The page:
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Zombie Property Count Inches Up

The ever present “zombie property” now represents one in just 78 units as the Vacant Property and Zombie Foreclosure from ATTOM Data showed that there were 1,277,162 properties sitting vacant across the country during the third quarter of 2022. This number represents 1.3% of the total number of homes. 

In addition, the report found that there were 270,470 residential properties in the country were in some point in the foreclosure process during the third quarter, a number up 4.4% from the second quarter and up 25.5% year-over-year. 

The latest increase marks the fourth straight quarter that the count of pre-foreclosure properties has increased since a nationwide moratorium on lenders pursuing delinquent homeowners, imposed after the Coronavirus pandemic hit in 2020, was lifted at the end of July 2021. 

Among those pre-foreclosure properties, 7,707 are zombie-foreclosures (pre-foreclosure properties that sit vacant) in the third quarter of 2022, up 1.8% from the prior quarter and 2.2% from a year ago. 

"We see two trends heading in opposite directions—the number of vacant properties continues to decline and the number of zombie properties continues to increase, although neither trend appears to be particularly worrisome," said Rick Sharga, Executive Vice President of Market Intelligence at ATTOM. "Vacancy rates should continue to be low as investor and prospective homebuyers compete for limited inventory. And the number of zombie properties should continue to increase slowly as foreclosure activity climbs back from historically low levels due to government intervention." 

The level of all homes sitting empty as zombie properties has grown for the second quarter in a row and now is up 3.6% from the one in 13,424 recorded in the first quarter of 2022. 

The latest bump-ups in overall and zombie-property counts - while presenting an issue to watch - comes at a time when the relentless U.S. housing market boom has continued into its 11th year despite forces that threaten to slow it down. 

Other high-level findings from the third quarter of 2022: 

  • Among metropolitan statistical areas in the U.S. with at least 100,000 residential properties and at least 100 properties facing possible foreclosure in the third quarter of 2022, the highest zombie rates are in Wichita, KS (11.9% of properties in the foreclosure process are vacant); Peoria, IL (10.5%); Cleveland, OH (8.9%); Syracuse, NY (8.7%) and South Bend, IN (8.2%). 
  • Aside from Cleveland, the highest zombie-foreclosure rates in major metro areas with at least 500,000 residential properties and at least 100 homes facing foreclosure in the third quarter of 2022 are in Baltimore, MD (7.4% of homes in the foreclosure process are vacant); St. Louis, MO (5.6%); Pittsburgh, PA (5.6%); Tampa, FL (4.7%) and Indianapolis, IN (4.6%).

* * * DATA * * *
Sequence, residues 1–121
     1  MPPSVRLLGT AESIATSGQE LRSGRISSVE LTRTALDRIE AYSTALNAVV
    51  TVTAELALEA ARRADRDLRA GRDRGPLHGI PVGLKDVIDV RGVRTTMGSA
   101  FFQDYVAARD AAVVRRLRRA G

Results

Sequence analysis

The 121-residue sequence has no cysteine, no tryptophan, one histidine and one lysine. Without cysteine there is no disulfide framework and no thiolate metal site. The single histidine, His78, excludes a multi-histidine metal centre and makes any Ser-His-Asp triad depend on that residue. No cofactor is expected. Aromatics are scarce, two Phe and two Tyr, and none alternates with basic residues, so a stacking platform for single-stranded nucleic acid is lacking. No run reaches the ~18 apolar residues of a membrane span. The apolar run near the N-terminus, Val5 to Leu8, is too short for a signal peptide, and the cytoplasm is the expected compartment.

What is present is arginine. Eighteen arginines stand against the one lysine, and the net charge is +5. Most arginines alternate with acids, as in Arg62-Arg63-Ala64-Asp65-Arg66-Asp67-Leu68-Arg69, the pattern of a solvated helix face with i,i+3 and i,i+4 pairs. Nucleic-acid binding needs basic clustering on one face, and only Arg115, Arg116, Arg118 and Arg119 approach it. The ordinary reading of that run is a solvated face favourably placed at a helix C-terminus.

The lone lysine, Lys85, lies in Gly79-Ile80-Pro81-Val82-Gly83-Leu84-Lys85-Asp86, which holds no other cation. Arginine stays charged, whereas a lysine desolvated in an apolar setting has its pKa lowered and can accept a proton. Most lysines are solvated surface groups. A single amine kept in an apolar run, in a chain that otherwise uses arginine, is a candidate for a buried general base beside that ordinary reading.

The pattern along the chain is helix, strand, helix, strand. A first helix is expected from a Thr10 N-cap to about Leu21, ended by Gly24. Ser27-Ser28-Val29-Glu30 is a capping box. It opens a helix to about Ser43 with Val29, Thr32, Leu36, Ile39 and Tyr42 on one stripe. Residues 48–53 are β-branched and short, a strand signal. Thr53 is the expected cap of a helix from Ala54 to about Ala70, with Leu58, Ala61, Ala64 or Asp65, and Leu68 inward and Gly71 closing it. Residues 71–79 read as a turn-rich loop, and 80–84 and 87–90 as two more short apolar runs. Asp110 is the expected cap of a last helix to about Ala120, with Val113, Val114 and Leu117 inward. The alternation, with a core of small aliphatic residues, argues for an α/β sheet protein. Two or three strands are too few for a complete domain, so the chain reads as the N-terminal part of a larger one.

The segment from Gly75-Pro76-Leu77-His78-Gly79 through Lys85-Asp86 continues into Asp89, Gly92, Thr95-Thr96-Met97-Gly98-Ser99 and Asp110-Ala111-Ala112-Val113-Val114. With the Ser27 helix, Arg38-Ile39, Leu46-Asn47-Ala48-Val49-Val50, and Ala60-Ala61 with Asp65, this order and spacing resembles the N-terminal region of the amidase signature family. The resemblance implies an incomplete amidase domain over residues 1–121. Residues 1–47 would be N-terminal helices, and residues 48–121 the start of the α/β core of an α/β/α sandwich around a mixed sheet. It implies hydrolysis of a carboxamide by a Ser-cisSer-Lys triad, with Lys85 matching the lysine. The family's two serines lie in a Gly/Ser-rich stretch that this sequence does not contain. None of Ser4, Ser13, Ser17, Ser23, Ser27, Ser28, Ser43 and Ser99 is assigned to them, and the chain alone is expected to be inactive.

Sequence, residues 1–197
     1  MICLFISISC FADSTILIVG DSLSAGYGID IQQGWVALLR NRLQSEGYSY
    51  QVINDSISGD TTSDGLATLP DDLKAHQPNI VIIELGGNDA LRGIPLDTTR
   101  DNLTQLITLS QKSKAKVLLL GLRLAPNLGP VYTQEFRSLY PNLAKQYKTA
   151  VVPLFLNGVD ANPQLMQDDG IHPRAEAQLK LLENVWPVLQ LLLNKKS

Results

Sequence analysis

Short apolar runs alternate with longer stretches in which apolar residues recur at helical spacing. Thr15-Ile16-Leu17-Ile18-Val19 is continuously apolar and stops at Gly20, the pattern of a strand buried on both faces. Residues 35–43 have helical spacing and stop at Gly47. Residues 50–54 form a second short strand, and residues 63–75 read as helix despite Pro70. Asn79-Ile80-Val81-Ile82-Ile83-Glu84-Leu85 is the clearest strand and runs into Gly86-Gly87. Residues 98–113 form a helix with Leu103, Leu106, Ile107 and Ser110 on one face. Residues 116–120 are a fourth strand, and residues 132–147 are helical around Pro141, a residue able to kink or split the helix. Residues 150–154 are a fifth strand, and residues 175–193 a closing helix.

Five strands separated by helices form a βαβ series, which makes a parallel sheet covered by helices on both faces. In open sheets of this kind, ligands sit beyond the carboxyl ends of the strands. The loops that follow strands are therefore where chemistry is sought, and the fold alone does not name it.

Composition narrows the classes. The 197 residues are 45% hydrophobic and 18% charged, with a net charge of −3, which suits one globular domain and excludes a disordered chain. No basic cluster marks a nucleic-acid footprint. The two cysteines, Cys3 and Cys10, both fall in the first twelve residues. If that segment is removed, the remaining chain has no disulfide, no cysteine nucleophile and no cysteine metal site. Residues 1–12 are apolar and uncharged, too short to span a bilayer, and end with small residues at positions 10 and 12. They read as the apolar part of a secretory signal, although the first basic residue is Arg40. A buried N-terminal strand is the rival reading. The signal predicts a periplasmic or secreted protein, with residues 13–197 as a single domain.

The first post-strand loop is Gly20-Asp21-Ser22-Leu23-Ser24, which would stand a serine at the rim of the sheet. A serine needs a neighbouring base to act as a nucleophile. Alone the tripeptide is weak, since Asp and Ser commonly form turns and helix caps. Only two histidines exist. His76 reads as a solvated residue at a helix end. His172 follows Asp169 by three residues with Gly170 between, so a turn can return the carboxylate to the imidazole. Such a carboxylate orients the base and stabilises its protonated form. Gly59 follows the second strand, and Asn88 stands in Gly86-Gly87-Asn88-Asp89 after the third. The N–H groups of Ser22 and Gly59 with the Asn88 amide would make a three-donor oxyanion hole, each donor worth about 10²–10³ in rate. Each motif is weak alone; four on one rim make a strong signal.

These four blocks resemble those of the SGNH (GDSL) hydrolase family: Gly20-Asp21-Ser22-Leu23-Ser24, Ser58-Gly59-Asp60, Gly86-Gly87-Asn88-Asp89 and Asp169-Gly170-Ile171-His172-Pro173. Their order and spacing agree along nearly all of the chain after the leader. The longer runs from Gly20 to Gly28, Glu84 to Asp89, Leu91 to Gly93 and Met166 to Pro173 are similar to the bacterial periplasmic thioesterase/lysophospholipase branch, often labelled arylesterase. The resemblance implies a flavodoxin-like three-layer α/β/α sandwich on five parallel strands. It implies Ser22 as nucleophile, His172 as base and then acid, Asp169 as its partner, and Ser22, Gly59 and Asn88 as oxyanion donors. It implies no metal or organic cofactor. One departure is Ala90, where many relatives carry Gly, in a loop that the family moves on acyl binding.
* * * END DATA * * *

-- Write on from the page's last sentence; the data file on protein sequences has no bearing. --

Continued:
• Among the roughly 4,200 foreclosed, bank-owned homes in the U.S. during the third quarter of 2022, 8.2% are vacant. In states with at least 50 bank-owned homes, the largest vacancy rates are in Ohio (14.5% vacant), Pennsylvania (13%), Illinois (12.5%), New York (11%) and Maryland (10.5%). 
  • The highest zombie-foreclosure rates in U.S. counties with at least 500 properties in the foreclosure process during the third quarter of 2022 are in Broome County (Binghamton), NY (11.4% zombie foreclosures); Cuyahoga County (Cleveland), OH (10.1%); Pinellas County (Clearwater), FL (9.9%); Onondaga County (Syracuse), NY (9.3%) and Oneida County, NY (outside Syracuse) (8.5%).  
  • Among 425 counties with at least 50,000 residential properties, those with the largest portion of total homes in zombie-foreclosure status during the third quarter of 2022 are Broome County (Binghamton), NY (one of every 647 properties); Cuyahoga County (Cleveland), OH (one in 959); Suffolk County (eastern Long Island), NY (one in 1,188); Peoria County, IL (one in 1,228) and Oneida County, NY (outside Syracuse) (one in 1,437). 

Click here to view the report in its entirety.

About Author: Kyle G. Horst

Kyle G. Horst is a reporter for DS News and MReport. A graduate of the University of Texas at Tyler, he has worked for a number of daily, weekly, and monthly publications in South Dakota and Texas. With more than 10 years of experience in community journalism, he has won a number of state, national, and international awards for his writing and photography including best newspaper design by the Associated Press Managing Editors Group and the international iPhone photographer of the year by the iPhone Photography Awards. He most recently worked as editor of Community Impact Newspaper covering a number of Dallas-Ft. Worth communities on a hyperlocal level. Contact Kyle G. at [email protected]
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